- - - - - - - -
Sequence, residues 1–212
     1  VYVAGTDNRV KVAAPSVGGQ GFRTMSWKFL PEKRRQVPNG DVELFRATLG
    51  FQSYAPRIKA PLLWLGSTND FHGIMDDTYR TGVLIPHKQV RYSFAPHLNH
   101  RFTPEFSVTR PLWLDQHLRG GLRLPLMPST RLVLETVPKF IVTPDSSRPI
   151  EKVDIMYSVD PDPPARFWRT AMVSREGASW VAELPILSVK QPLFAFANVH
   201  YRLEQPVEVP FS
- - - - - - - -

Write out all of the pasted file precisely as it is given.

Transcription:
Sequence, residues 1–212
     1  VYVAGTDNRV KVAAPSVGGQ GFRTMSWKFL PEKRRQVPNG DVELFRATLG
    51  FQSYAPRIKA PLLWLGSTND FHGIMDDTYR TGVLIPHKQV RYSFAPHLNH
   101  RFTPEFSVTR PLWLDQHLRG GLRLPLMPST RLVLETVPKF IVTPDSSRPI
   151  EKVDIMYSVD PDPPARFWRT AMVSREGASW VAELPILSVK QPLFAFANVH
   201  YRLEQPVEVP FS